JACKSON — The Governor’s Office met again yesterday with key budget writers as state leaders continued trying to reach an agreement on a spending plan for next fiscal year and resolve the budget issues that are about to put this year’s session into overtime.
House Education Committee chairman Cecil Brown, D-Jackson, who’s also a chief budget architect, said the Democrat-led House is opposed to Republican Gov. Haley Barbour’s position to cut public education by tens of millions of dollars.
He also said Barbour’s proposals keep changing. Barbour’s office now wants to cut $3.5 million from vocational programs, Brown said yesterday after the meeting.
Brown said reducing state funds for vocational education could “endanger” millions in federal matching funds. Brown said the money would be cut from K-12 programs and community colleges.
“We don’t know their rationale,” Brown said.
Lawmakers have missed a deadline to file budget bills so they’ll have to extend the session to complete work on the $5.5 billion budget. The session is scheduled to end on Saturday.
Barbour said in a statement yesterday that education is his top priority. He said his proposal would fully fund the Mississippi Adequate Education Program, an equity funding formula for elementary and secondary schools.
“While I’m proposing level funding for MAEP, I am asking that K-12 find $30 million in savings in other areas,” Barbour said.
Brown said K-12 public education has already been cut by $300 million over the last four years.
“We don’t agree with the governor that we need to devastate public education,” Brown said Monday.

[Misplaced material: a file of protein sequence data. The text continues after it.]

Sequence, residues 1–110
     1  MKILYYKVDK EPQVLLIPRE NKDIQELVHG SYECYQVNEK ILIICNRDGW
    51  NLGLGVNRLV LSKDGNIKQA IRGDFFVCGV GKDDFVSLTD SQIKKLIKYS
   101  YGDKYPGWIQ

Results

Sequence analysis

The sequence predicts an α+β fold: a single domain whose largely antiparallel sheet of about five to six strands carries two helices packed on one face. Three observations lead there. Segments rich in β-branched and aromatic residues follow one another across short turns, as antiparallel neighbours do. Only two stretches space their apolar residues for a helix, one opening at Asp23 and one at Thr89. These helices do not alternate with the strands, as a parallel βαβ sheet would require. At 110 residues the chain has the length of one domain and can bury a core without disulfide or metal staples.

Barbour said the House plan would spend $475 million in non-recurring revenue in the fiscal year that begins July 1. Brown told House members that Barbour’s proposal would use $425 million in non-recurring revenue.
Senate Appropriations Committee chairman Doug Davis, R-Hernando, said his budget proposal cuts K-12 about 1.2 percent below current funding. Davis said the Senate plan would fully fund MAEP, but cut other areas of education that could be propped up with federal funding some districts have in reserve.
A group of former mayors and others from the Mississippi Delta region held a news conference yesterday at the Capitol to urge lawmakers to keep K-12 funding at its current level.
They said the Delta school districts, located in one of the poorest regions in the nation, are already struggling.
The South Delta School District has lost 10 teachers over the last year, said Emma Cooper Harris of Southdale Outreach Ministries, which serves Sharkey and Issaquena counties.
“It’s so critical, you can’t even cut anymore,” she said.
Source: Associated Press